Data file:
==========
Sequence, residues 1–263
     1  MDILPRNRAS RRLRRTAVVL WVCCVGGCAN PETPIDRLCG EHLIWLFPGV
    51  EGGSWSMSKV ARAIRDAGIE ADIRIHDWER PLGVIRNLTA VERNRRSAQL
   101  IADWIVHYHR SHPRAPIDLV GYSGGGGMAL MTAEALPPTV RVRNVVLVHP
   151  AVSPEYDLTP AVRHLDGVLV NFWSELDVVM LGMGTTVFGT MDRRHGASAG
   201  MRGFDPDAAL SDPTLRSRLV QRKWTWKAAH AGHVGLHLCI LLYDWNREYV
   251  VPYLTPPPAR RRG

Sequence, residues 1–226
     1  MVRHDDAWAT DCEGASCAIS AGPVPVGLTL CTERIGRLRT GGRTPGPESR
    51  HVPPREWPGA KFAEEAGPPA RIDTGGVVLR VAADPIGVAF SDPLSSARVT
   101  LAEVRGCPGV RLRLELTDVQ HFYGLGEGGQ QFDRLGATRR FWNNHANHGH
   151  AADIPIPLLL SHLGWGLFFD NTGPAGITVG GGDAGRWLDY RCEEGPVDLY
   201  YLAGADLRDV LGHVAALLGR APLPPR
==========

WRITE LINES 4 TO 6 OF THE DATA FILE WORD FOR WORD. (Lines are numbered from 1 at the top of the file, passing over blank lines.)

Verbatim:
   101  IADWIVHYHR SHPRAPIDLV GYSGGGGMAL MTAEALPPTV RVRNVVLVHP
   151  AVSPEYDLTP AVRHLDGVLV NFWSELDVVM LGMGTTVFGT MDRRHGASAG
   201  MRGFDPDAAL SDPTLRSRLV QRKWTWKAAH AGHVGLHLCI LLYDWNREYV